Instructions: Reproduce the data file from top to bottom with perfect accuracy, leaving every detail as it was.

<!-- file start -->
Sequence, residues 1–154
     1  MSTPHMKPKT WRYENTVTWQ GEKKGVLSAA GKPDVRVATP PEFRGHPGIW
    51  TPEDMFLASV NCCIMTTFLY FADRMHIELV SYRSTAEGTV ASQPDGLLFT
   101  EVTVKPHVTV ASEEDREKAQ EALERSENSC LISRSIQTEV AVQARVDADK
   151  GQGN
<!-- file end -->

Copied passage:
Sequence, residues 1–154
     1  MSTPHMKPKT WRYENTVTWQ GEKKGVLSAA GKPDVRVATP PEFRGHPGIW
    51  TPEDMFLASV NCCIMTTFLY FADRMHIELV SYRSTAEGTV ASQPDGLLFT
   101  EVTVKPHVTV ASEEDREKAQ EALERSENSC LISRSIQTEV AVQARVDADK
   151  GQGN